Recording under the auspices of the late, great Kal Mann, with Bob Mersey and Dave Appell arranging, Bobby Rydell was responsible for three of Habanera Rock's biggest hits: "Sway," "The Cha-Cha-Chá" and his fabulous 1960 remake of Domenico Modugno's "Volare". This 1963 album, mostly recorded in London with Tony Hatch as music director, found him still crooning to Latin rhythms. Rock-a-Tango selections include "Hey, Everybody", "Darling Jenny", "Words Written On Water" and the superb "'Til I Met You". Rock-a-Cha-Chas appear in the form of "Since We Fell In Love" and the satiny-smooth "Wish You Were Here". Bobby rocks the pachanga with "It's Time We Parted", and he comes across like a Castilian cantador singing "Too Much, Too Soon", a thrilling habanera-pasodoble. Ironically, the album's one drawback is the title tune. While its jaunty Country-flavored melody translated into Top Ten sales, its Latin elements (especially its chunky cha-cha foundation) could have been exploited more boldly. That would've made "Forget Him" a far more memorable song.

Produced by Frankie Day

Concrete And Clay

Eddie Rambeau
The bossa nova had taken firm hold of American popular music by 1965, and this album provides evidence that it had also taken hold of former Swan Records recording artist Eddie Rambeau. His feather-light tenor was made for singing baiãoes and bossa novas, so producer Charlie Calello was smart to bathe the boy in Brazilian rhythms as often as he could. The carioca atmosphere is strong when Eddie performs "Yesterday's Newspapers", "I Fell In Love So Easily," "It's Not Unusual" "Save The Last Dance For Me", "Girl Don't Come" (a strong essay of the Sandie Shaw classic), the deliciously tropical "My Name Is Mud", and the exquisitely sexy "Baby, Baby Me." A Brazilian mood also infuses standard-issue habaneras when he sings the Beatles-inspired "I Just Need Your Love", the Peter Allen-composed "Same Old Room", and the kinetic title track. Often, Calello blends Brazilian and Cuban rhythms which, along with Eddie's masterful phrasing, enhances the jazzy mood that's conveyed on this wonderful fourteen-track collection. If you remember Eddie Rambeau as the co-writer of Diane Renay's back-to-back 1964 hits "Navy Blue" and "Kiss Me, Sailor", it won't surprise you to know that several of the aforementioned goodies sprang from his own pen.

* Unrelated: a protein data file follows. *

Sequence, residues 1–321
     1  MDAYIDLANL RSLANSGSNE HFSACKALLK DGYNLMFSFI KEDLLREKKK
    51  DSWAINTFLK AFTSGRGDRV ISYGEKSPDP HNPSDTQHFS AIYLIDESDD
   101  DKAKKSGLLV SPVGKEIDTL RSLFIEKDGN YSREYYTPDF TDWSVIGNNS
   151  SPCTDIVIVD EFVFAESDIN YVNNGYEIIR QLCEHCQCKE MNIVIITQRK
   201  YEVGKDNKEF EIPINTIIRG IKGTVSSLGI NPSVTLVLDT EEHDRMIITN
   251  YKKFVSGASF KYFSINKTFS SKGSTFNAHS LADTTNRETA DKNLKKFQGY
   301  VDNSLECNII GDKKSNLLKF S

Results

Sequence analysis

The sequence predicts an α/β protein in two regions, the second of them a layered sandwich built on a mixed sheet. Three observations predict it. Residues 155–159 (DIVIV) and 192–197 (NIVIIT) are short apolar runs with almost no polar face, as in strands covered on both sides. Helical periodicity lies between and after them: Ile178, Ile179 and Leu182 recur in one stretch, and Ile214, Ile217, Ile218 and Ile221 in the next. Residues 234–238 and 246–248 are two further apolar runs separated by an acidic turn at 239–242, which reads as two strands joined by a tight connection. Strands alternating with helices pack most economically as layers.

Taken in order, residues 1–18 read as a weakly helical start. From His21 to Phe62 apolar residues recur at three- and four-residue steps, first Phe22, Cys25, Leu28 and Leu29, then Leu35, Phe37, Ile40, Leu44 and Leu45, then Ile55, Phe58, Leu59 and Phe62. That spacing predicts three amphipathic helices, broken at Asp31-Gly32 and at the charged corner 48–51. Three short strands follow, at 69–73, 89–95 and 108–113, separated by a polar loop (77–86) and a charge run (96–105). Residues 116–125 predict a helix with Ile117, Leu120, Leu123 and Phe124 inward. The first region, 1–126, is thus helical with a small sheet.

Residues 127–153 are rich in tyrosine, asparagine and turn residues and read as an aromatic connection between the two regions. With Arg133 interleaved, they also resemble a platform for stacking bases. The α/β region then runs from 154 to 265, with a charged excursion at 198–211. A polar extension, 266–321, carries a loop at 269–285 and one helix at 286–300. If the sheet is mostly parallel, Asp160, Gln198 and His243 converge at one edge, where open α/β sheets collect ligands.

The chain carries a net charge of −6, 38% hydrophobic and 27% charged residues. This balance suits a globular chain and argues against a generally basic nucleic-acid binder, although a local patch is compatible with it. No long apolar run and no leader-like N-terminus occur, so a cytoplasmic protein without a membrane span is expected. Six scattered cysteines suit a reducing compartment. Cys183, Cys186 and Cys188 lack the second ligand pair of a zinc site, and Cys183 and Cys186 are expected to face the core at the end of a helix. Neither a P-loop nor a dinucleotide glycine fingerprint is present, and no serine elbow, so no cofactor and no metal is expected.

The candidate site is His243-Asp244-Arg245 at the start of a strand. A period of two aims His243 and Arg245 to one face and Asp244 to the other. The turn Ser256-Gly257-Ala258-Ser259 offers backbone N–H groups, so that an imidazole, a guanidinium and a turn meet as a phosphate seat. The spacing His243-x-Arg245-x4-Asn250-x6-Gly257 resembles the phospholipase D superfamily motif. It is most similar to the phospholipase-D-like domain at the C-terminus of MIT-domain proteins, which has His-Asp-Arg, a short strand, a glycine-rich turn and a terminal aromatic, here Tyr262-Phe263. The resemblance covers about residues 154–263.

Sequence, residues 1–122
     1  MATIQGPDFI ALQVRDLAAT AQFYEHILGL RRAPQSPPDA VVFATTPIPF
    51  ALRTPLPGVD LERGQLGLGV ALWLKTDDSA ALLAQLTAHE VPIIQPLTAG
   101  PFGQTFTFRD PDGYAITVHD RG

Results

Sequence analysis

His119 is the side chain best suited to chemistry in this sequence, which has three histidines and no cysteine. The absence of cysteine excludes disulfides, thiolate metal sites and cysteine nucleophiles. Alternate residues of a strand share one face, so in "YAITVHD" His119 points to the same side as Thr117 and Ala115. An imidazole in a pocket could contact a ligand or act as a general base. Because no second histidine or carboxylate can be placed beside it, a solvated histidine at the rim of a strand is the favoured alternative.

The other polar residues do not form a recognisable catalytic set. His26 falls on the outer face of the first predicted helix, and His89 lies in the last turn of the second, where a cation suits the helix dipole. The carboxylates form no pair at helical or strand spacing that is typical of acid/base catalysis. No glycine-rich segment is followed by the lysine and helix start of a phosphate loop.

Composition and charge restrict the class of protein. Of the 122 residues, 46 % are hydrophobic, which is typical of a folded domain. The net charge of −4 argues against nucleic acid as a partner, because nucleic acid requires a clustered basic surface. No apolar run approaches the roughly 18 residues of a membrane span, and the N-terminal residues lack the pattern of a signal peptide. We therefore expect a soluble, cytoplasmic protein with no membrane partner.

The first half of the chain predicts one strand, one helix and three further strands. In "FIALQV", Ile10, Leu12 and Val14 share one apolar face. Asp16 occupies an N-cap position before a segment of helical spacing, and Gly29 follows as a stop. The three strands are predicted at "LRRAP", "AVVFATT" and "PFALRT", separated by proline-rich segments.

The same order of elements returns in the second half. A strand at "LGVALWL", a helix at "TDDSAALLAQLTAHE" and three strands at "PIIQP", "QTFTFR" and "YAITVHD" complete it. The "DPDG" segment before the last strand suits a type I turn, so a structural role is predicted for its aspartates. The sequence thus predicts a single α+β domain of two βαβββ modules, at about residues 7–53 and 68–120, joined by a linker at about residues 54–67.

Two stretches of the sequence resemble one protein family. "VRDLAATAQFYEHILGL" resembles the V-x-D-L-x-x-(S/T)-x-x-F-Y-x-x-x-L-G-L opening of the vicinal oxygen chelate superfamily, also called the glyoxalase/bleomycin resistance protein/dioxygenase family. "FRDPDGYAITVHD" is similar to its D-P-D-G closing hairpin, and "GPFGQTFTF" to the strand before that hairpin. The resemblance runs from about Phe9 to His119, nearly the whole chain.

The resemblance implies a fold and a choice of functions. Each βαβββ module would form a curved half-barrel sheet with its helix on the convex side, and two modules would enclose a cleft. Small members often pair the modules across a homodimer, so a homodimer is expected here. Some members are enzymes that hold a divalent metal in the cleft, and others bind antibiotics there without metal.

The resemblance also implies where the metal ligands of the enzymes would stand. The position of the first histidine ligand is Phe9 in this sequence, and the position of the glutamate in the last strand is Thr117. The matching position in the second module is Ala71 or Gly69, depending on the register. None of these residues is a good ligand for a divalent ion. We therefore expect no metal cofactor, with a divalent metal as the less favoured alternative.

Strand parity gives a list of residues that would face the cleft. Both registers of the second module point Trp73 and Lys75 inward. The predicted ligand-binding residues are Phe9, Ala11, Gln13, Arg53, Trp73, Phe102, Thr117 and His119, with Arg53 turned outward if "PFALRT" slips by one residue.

A Bob Crewe Production
Arranged and Produced by Charlie Calello

Ben E. King Sings For Soulful Lovers
Ben E. King